5.28.2021

The Restaurant Trends in 2021 You Need to Know About

Written by Kit Jenkin

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You’re a restaurant owner, and you have to know everything you can about your industry to keep your business relevant and solvent. 

After all, keeping up to date with the latest developments can help spark your creativity, provide ideas for your menu, and inspire new ideas about how to deliver your amazing dining experience to your customers. 

And it’s not just food trends you have to keep on top of. You need to know the latest trends in decor, service, supply chains, technology, and business structure to ensure your business becomes, and remains, a success. 

Keep reading to find out which restaurant trends are taking over in your industry.

Pop-ups may rise in popularity

Let’s face it: running a restaurant is expensive. There are rent expenses, food costs, labor costs, and other overheads that can sink a new venture in the water in its first few months of operating. 

One of the ways to avoid the long-term costs of opening a permanent restaurant is to open a pop-up. 

Pop-ups are usually mobile kitchens (think food trucks). Owners dedicated to opening a pop-up usually tailor their choice of food to the clientele and location they have in mind and set up an operation specifically designed to deliver it.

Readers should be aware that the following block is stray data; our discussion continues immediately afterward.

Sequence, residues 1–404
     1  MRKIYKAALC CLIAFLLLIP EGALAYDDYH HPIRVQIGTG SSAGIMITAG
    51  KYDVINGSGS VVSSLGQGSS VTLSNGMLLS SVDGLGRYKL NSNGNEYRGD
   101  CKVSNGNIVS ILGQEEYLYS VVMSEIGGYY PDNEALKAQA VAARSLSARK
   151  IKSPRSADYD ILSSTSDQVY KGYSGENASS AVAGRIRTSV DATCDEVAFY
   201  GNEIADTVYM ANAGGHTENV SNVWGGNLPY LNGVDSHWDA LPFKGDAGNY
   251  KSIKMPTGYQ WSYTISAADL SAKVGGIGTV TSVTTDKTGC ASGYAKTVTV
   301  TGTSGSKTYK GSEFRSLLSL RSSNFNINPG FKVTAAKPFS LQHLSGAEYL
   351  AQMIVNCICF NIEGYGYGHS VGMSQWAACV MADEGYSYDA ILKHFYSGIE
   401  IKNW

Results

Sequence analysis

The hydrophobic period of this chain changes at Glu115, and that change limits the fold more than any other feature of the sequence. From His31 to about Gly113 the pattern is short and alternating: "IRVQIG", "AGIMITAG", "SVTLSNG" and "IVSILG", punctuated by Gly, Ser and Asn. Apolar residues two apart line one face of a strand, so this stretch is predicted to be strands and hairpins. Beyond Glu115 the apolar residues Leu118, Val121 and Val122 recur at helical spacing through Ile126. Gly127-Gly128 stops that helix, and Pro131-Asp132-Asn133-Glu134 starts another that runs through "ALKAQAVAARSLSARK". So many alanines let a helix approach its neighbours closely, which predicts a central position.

Pop-up restaurants allow the owners and operators more flexibility and help minimize costs by keeping your operation lean. They also help reduce the risk associated with investing in a brick-and-mortar location. 

Vegetarianism and veganism

The environmental and ethical arguments for vegetarianism and veganism are becoming harder and harder to ignore. 

With the world struggling with the climate crisis because of global meat production, the poor treatment of animals in mass farming, and the well-documented health benefits of such diets, vegetarianism and veganism are becoming increasingly popular

Vegetarian options have long been staples of restaurant menus, but vegan options are becoming increasingly popular as restaurants rush to serve the growing number of vegans in the world. 

Offering a handful of vegetarian and vegan options will help your restaurant thrive in 2021 and beyond.

Locally sourced food

While restaurateurs have always known the benefits of using locally sourced foods, recent global events have shown why sourcing food locally is more important than ever.

So much of the food we consume is brought to us from far-flung parts of the world. Shipping this food, whether by boat, train your truck, expends a lot of CO2. It takes considerably less energy to ship beef from Scotland to London than it does from Australia to London. Sourcing locally is also a great way of ensuring the seasonality and freshness of your ingredients.